There are several types of non-functional testing, such as:
- Performance testing
- Security testing
- Load testing
- Failover testing
- Compatibility testing
- Usability testing
- Scalability testing
- Volume testing
- Stress testing
- Maintainability testing
- Compliance testing
- Efficiency testing
- Reliability testing
- Endurance testing
- Disaster recovery testing
- Localization testing
- Internationalization testing
Note that explaining all the types of software testing is beyond the scope of this article.
Different Types of Software Testing
This article explains only some of the most common types of software testing.
1. Unit Testing
Testing each component or module of your software project is known as unit testing. To perform this kind of testing, knowledge of programming is necessary. So only programmers do this kind of tests, not testers.
You have to do a great deal of unit testing as you should test each and every unit of code in your project.
2. Integration testing
After integrating the modules, you need to see if the combined modules work together or not. This type of testing is known as integration testing. You need to perform fewer integration tests than unit tests.
3. End-to-end Testing
End-to-end testing is the functional testing of the entire software system. When you test the complete software system, such testing is called end-to-end testing. You need to perform fewer end-to-end tests than integration tests.
4. User Interface Testing
User interface testing involves the testing of the application’s user interface. The aim of UI tests is to check whether the user interfaces have been developed according to what is described in the requirements specifications document.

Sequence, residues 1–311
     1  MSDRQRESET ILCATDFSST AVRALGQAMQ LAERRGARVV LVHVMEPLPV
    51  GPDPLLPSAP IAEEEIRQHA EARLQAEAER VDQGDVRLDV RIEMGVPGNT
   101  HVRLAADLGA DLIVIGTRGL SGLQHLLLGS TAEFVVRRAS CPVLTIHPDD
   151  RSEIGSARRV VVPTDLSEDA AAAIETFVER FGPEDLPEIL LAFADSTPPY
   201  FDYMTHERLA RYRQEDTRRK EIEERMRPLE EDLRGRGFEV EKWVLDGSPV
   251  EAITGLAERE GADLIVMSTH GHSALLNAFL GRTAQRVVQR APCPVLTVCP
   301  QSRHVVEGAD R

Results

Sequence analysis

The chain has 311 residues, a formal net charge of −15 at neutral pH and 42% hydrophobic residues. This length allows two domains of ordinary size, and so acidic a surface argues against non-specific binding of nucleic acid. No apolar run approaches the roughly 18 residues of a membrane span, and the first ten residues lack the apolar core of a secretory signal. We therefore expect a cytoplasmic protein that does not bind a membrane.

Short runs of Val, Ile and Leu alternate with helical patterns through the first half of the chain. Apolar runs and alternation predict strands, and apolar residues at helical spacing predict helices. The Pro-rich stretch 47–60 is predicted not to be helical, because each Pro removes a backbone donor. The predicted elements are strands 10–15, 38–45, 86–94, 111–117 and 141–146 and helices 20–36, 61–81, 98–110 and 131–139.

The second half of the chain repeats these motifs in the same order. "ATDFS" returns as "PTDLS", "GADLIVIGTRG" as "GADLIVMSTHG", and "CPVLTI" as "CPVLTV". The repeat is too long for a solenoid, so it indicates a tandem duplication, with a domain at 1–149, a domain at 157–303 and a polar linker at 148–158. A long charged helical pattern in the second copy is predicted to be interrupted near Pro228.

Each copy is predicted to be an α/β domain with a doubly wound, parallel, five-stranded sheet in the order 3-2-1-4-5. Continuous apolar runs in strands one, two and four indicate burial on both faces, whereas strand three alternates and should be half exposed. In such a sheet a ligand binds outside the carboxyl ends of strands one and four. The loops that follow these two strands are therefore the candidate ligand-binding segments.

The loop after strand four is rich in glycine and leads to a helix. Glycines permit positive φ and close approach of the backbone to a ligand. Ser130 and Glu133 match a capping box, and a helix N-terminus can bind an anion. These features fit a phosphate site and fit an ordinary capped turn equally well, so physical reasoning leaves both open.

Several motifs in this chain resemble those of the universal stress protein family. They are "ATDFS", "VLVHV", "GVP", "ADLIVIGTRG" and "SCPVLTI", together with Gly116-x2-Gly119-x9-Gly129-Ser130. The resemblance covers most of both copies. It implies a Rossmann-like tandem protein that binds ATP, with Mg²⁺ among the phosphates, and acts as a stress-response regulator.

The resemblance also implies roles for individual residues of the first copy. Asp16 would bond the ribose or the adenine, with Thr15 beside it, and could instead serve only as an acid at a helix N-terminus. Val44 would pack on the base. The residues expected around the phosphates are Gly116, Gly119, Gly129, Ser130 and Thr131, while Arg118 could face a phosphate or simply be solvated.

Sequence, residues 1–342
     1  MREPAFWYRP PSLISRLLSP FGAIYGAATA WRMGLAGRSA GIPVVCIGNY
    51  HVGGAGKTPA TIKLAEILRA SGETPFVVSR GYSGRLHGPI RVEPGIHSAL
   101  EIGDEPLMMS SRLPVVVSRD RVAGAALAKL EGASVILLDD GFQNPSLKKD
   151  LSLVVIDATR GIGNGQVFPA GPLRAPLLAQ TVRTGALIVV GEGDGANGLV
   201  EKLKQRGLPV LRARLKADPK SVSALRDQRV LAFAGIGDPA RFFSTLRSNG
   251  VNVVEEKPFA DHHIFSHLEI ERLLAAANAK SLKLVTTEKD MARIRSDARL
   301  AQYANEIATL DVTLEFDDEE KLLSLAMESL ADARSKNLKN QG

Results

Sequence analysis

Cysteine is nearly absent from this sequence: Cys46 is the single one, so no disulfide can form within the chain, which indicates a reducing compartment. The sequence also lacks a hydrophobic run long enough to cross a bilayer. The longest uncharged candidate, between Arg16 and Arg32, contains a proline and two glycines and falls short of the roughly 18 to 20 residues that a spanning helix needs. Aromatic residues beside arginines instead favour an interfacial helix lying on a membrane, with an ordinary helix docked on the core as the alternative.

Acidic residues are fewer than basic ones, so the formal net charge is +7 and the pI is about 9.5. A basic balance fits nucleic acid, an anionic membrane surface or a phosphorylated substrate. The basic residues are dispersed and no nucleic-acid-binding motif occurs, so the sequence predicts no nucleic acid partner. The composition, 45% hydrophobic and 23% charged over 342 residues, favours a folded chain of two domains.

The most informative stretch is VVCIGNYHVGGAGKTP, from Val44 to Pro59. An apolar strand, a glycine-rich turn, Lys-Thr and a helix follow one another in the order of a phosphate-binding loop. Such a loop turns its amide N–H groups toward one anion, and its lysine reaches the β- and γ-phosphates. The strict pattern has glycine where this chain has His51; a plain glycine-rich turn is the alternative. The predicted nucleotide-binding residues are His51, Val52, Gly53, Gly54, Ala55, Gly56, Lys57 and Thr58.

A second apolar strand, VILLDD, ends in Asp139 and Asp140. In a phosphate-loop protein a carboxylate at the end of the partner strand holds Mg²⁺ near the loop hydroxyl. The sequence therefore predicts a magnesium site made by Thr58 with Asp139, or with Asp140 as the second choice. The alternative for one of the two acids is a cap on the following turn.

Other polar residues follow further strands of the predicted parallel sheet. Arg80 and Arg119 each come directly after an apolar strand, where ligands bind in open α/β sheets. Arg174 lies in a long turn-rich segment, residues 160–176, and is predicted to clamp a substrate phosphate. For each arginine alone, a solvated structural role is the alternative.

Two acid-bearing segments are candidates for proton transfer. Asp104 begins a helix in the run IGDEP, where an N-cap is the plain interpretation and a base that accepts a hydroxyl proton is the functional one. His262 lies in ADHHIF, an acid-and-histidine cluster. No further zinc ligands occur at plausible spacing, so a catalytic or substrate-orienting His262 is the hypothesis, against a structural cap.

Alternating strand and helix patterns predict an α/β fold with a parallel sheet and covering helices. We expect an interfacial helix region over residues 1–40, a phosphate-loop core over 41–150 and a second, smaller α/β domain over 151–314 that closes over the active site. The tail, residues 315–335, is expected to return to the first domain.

By running UI tests, you can make the application’s user interfaces more user-friendly and appealing to the eyes.
5. Accessibility testing
Testing whether your software is accessible to disabled people or not is termed as accessible testing. For this type of tests, you need to check if disabled people such as those who are color blind, blind, and deaf can use your application.
The right choice of color and contrast need to be made to make your software accessible to color-blind people.
6. Alpha testing
Alpha testing is a kind of testing to look for all the errors and issues in the entire software. This kind of test is done at the last phase of app development and is performed at the place of the developers, before launching the product or before delivering it to the client to ensure that the user/client gets an error-free software application.
Alpha testing is run before the beta testing, which means that after performing alpha testing, you need to run beta testing.
Alpha testing is not performed in the real environment. Rather, this kind of tests is done by creating a virtual environment that resembles a real environment.
7. Beta testing